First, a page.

There are almost as many spellings for this uniquely Jackson salad dressing/dipping sauce as there are recipes and theories for its origin. Many observers trace the oddly orange concoction, consisting of a variety of ingredients that generally include mayonnaise, tomato ketchup, Worcestershire sauce, mustard, black pepper, chili sauce, lemon, and plenty of garlic, to Alex Dennery’s Rotisserie Restaurant, located on US 49 at Five Points in Jackson. Recipes for “rotisserie dressing” (or sauce) are said to have originated directly from the restaurant.
The name is obviously a reference to the idea that people who try the zesty blend will always come back for more. Many native Jacksonians and visitors alike are fond of pouring the dressing over saltine crackers as a first course while waiting for the salad to arrive. Locals enjoy this “redneck hors d’oeuvre” so much that many restaurants will not put large bottles of sauce on the table for fear that the entire bottle will be consumed before the salad arrives.
In the early days of fine dining in Jackson, Greek immigrants dominated the kitchens and counters of the city’s restaurant scene. According to Mike Kountouris of the Mayflower Café, language difficulties meant that young Greek immigrants could find work only in kitchens or as busboys. Comeback dressing may have been the Greek American answer to Thousand Island, the most popular salad dressing of the mid-twentieth century in the American South.
Paper records are scarce for such ephemeral matters as family-held salad dressing recipes, but oral histories point to Five Points in Jackson as the source of the legendary spread. In 1936 Alex Dennery (born John Alexander Tounaris in Greece) supposedly was searching for a signature salad dressing for his newly remodeled property, the Rotisserie, at the intersection of Highway 49 and Livingston Road. A former drive-in movie theater, the Rotisserie occupied a unique location in southwest Jackson at the junction of five streets and featured a different entrance on each street. According to Roy Milner, a longtime employee of the Dennery family, after staff tried and failed several times to concoct what Dennery wanted, Alex took to the kitchen and began experimenting. He first made mayonnaise by combining raw egg yolks with oil and then added chili sauce, garlic, and other ingredients. Dennery’s Restaurant in downtown Jackson still serves a version of the sauce, but hundreds of other variations have developed, among them the tangy Mayflower Café version, the smooth Crechale’s rendition, a kicked-up version at Walker’s Drive-In, and a super garlic version at my family’s Hal & Mal’s. But no matter where diners find this sauce, the empty bottle marks the spot where they will have to come back for more.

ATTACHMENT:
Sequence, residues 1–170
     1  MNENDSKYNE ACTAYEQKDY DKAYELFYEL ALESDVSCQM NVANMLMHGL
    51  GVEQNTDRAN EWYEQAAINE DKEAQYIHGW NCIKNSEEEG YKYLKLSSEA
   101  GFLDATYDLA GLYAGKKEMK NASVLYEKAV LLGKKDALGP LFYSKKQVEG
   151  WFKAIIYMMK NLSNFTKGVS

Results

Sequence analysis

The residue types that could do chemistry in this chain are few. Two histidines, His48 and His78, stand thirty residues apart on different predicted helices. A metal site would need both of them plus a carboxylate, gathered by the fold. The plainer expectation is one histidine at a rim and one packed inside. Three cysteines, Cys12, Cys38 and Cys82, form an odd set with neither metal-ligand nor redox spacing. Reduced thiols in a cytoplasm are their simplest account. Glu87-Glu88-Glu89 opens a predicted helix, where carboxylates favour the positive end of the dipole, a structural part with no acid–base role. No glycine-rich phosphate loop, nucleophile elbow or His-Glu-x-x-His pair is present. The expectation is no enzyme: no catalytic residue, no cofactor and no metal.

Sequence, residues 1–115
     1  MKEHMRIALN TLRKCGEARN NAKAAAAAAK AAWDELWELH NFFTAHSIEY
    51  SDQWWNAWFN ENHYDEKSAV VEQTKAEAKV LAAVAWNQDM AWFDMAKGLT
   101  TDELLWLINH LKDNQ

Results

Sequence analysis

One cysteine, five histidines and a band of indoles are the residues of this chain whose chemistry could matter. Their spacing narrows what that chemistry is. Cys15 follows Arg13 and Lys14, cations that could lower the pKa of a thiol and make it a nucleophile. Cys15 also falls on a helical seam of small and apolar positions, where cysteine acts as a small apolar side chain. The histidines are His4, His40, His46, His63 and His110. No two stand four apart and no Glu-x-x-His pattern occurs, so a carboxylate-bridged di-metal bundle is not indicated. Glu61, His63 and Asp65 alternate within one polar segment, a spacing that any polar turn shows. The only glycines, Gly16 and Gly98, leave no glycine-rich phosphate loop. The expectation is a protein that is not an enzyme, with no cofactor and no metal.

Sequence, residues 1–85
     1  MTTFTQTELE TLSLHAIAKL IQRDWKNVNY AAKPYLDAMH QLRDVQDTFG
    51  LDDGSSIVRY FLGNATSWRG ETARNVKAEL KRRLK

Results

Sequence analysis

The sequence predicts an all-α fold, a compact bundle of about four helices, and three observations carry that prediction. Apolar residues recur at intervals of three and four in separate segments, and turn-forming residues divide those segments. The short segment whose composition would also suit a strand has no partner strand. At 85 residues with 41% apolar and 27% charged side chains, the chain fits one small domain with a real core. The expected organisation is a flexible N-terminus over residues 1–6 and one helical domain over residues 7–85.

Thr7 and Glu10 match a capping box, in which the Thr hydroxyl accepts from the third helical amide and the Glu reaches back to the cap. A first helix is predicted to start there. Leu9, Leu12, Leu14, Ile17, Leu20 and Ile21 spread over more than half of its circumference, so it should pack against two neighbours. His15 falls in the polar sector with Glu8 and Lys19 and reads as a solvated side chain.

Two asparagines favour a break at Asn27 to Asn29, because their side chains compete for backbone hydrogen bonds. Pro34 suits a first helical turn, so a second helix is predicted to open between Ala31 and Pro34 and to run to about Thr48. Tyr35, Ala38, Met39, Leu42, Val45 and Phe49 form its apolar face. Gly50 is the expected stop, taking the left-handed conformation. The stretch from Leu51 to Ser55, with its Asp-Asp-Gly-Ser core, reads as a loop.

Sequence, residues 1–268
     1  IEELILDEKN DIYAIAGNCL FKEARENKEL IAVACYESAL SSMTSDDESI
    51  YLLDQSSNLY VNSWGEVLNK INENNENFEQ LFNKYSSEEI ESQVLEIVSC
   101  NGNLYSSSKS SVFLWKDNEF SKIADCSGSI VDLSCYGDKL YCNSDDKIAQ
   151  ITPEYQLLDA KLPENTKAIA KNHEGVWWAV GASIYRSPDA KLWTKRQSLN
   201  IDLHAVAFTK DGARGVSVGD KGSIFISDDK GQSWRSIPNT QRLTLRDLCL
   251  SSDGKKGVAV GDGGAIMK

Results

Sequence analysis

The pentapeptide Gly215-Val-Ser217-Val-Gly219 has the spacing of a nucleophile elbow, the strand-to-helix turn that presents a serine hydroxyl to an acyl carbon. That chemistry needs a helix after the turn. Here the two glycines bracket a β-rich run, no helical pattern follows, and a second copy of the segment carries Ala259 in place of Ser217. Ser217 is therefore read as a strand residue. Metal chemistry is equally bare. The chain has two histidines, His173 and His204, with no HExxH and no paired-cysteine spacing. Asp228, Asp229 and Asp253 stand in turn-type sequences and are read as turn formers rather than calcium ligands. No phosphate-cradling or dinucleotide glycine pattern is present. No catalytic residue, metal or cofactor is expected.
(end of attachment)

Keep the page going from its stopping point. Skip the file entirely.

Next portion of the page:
According to legend, writer Henry Miller so persistently demanded that Eudora Welty invite him to Jackson that she gave in and issued the invitation, though she hesitated because of Miller’s reputation for extravagance. Miller arrived and announced—to Welty’s dismay—that he would be staying for several days longer than she had intended. At a loss for ways to entertain her guest, Welty took him to the Rotisserie five times, each time entering the restaurant via a different door. On his final evening of copious eating and drinking, Miller noted approvingly that Jackson certainly had a large number of fine dining establishments for such a small town. The house dressing was undoubtedly one of the delights he sampled during his visits.
- Symphony League of Jackson, comp., The Jackson Cookbook, foreword by Eudora Welty (1971)